Akrasia (weakness of will) and the contemporary discourse on subjectivity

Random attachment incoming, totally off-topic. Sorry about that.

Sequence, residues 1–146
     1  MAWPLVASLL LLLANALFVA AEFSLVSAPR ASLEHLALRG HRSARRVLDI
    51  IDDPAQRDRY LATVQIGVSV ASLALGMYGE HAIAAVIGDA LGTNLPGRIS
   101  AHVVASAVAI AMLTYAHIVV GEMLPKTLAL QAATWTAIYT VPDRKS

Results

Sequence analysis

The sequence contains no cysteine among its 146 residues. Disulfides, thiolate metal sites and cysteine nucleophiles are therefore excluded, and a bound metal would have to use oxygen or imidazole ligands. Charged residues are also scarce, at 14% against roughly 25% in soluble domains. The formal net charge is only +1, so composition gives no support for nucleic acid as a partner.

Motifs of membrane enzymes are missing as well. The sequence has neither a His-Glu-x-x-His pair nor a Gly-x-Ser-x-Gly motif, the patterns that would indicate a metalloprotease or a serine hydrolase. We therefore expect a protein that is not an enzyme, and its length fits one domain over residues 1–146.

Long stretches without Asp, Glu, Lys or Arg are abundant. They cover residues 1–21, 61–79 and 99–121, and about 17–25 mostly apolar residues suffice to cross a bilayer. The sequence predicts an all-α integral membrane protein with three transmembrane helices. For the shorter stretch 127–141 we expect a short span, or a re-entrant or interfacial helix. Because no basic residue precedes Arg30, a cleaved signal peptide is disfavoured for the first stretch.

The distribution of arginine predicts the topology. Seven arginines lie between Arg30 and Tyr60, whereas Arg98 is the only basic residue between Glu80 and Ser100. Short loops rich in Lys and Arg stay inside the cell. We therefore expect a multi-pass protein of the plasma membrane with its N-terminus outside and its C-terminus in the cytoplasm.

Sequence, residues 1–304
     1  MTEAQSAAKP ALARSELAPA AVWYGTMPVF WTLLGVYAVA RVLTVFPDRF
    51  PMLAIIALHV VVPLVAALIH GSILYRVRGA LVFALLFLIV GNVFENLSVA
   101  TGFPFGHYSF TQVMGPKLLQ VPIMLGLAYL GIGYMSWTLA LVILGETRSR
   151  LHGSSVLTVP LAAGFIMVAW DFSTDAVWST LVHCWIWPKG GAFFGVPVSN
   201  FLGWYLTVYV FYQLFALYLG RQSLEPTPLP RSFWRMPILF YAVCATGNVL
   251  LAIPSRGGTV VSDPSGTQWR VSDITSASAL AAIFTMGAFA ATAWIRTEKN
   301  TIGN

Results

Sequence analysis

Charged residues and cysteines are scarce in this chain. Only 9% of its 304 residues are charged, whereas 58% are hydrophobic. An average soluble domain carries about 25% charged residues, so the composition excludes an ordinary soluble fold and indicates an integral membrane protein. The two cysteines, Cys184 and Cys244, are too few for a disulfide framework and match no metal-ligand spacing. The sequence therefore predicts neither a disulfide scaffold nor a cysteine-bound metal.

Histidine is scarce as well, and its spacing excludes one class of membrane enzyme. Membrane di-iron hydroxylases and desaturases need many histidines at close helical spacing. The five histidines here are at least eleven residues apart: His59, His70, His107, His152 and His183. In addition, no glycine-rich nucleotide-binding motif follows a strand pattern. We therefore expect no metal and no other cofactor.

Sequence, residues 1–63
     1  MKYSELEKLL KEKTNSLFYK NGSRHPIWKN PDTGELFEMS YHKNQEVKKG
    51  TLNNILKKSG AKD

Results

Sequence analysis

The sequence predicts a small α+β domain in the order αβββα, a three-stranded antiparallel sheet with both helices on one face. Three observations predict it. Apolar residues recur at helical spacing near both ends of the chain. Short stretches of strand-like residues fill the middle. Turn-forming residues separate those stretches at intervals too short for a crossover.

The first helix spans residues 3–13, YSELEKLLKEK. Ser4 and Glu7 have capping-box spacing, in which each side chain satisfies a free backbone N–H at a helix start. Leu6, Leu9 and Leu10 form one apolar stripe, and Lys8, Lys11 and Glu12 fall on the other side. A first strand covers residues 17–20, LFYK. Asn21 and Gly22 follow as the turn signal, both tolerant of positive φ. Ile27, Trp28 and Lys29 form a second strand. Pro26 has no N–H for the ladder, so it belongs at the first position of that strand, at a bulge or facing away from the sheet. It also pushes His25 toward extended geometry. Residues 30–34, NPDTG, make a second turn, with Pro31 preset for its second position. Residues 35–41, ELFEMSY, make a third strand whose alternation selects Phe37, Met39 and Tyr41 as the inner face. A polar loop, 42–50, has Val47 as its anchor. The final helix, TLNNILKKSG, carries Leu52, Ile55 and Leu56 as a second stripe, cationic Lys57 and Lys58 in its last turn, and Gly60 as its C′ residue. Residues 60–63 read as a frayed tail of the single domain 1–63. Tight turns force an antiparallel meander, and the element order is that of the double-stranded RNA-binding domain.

The issue about akrasia (weakness of the will) concerns the question whether the human will is strong enough to choose and realize actions, or whether a conflict, and a certain type of conflict (i.e. the issue of akrasia), will have the potential to paralyse it. My analysis focuses on ideas of thinkers of the last half of the twentieth century - thinkers like Skinner who practically denies the existence and strength of the se lf and Sartre who postulates a transcendental self with godlike capabilities. I conclude that both leave little room for the idea of akrasia. Akrasia needs a more subtle vision of the power and weakness of the self. To arrive at this conclusion I consider views attempting to reconcile the disempowerment of the se lf by the extra-self with the idea of a self in control of its situation. I argue that these views fail because they assume the akratic conflict to be behi’een the self and extra-self instead of an intra-will conflict. I also deny that the dialectic goal of a fusion o f the self and its situation will give an explanation o f the akratic conflict because dialectics still operate with a centred self which assumes a conflict between the centre and a sub-self periphery. Moreover, this kind of dialectics provides the picture of a permanent victimized self rather than an akratic conflict. I conclude by suggesting the existence of a "dense " self with more subjective capacities than is usually assumed. This, I argue, enhances the scope of, and makes the intra-will conflict more credible.
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